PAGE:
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WAFM-TV ("Television Alabama") was a predecessor of today's NBC 13 (WVTM) and the first television station to broadcast in the Birmingham area.

WAFM was a sister station to the well-established WAPI-AM and the two-year-old WAFM-FM, working together as the "Voice of Alabama" under president Thad Holt. Engineers James Evans, James Hall, Norman Hurley and William Wells, Jr outfitted the station's equipment to braodcast at 26,000 watts from an RCA 6-bay "Superturnstile" antenna. The station shared a 1,000 foot tower at Vulcan Park with WSGN-FM and the proposed WSGN-TV.

The station was launched in the summer of 1949 with a test pattern debuting in early June and the first network programs going out over the air on July 1. Through the summer most programs aired during the business day so that potential customers for television receivers could see the product in operation at radio shops and department stores. A special demonstration was made during the 1949 East-West Game at Rickwood Field. The high-school double header benefitting sight conservation was Alabama's first televised baseball game.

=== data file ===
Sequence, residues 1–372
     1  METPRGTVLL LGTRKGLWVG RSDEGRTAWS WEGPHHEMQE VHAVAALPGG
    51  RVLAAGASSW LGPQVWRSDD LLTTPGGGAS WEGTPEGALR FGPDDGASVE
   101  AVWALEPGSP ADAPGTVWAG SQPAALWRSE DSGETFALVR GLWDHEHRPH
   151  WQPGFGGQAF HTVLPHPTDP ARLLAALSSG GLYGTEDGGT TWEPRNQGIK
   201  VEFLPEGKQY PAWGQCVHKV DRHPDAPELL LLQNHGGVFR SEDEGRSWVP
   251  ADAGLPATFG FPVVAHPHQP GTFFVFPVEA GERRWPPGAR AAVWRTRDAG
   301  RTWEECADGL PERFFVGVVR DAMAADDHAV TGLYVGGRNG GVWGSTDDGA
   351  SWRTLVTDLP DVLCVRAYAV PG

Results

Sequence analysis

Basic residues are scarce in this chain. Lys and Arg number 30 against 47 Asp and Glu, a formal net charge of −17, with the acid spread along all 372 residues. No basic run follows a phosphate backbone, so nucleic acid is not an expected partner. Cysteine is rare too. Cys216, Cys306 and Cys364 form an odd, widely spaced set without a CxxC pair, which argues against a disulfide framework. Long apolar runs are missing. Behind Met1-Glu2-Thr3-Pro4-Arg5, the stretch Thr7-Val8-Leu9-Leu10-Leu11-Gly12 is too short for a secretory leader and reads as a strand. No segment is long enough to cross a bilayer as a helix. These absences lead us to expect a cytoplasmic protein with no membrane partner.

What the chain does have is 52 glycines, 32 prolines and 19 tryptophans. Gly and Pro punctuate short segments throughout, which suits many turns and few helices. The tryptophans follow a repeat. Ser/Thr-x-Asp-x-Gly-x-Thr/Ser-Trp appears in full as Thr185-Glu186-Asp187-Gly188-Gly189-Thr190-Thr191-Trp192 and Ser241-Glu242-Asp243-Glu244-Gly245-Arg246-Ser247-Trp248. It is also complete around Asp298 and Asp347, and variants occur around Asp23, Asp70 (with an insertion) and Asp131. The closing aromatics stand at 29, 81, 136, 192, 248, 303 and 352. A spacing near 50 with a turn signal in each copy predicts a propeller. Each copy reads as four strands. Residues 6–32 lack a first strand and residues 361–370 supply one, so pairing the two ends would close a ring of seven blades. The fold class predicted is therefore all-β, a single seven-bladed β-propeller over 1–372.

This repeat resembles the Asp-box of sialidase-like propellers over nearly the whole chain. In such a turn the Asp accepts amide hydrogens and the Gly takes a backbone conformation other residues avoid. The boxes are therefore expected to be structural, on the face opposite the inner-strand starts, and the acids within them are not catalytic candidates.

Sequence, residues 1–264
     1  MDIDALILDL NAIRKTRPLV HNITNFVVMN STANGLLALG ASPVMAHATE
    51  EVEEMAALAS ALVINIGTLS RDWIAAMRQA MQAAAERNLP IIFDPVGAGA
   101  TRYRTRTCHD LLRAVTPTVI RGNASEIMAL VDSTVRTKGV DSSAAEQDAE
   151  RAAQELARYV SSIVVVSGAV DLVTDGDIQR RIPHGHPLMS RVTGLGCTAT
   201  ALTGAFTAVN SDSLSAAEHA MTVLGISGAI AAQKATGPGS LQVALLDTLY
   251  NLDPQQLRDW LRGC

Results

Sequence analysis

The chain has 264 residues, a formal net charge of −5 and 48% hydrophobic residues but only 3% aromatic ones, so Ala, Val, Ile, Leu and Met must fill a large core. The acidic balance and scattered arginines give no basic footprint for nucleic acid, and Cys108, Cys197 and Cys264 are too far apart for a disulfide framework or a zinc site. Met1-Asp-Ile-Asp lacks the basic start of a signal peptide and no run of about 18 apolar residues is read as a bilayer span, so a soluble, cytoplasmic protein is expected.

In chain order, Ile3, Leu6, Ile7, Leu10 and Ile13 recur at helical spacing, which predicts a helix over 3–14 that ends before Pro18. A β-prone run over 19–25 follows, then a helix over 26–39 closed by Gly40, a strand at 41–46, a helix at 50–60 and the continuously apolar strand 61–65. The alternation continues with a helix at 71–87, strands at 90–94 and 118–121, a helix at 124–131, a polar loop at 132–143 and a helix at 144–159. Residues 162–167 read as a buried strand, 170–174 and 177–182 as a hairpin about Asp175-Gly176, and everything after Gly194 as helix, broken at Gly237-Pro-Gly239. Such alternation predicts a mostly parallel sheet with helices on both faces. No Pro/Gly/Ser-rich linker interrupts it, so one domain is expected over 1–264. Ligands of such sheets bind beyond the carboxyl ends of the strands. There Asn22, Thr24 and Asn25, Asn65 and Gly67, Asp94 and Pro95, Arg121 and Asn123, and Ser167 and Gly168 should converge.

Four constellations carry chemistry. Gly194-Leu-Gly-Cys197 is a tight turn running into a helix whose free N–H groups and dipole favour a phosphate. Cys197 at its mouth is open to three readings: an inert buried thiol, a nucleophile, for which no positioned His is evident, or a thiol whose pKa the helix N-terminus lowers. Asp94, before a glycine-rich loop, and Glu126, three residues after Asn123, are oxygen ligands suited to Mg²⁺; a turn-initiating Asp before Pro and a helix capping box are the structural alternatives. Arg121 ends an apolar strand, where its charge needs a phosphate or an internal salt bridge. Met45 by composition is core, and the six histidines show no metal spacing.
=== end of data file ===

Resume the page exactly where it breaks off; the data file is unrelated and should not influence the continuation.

Full regular programming, a mixture of content from the ABC and CBS television networks, began on October 1. Until the city was connected by cable to the New York broadcast centers, programs were filmed from live broadcasts in other cities, then trucked to Birmingham to be broadcast on the station's equipment.

In January 1953 the Federal Communications Commission approved an increase from 26,000 to 316,000 watts, coinciding with the station's plans to begin an around-the-clock broadcast schedule. Later that same year, all three stations were sold to the Birmingham News.

In 1954 WAFM swapped networks with WBRC and took on NBC programming. The call letters were changed briefly to WABT-TV (for Alabama's Best Television) before changing to WAPI-TV in 1958, after the News was purchased by Newhouse. WAPI became WVTM in 1980 when Newhouse sold the station to Times-Mirror Broadcasting.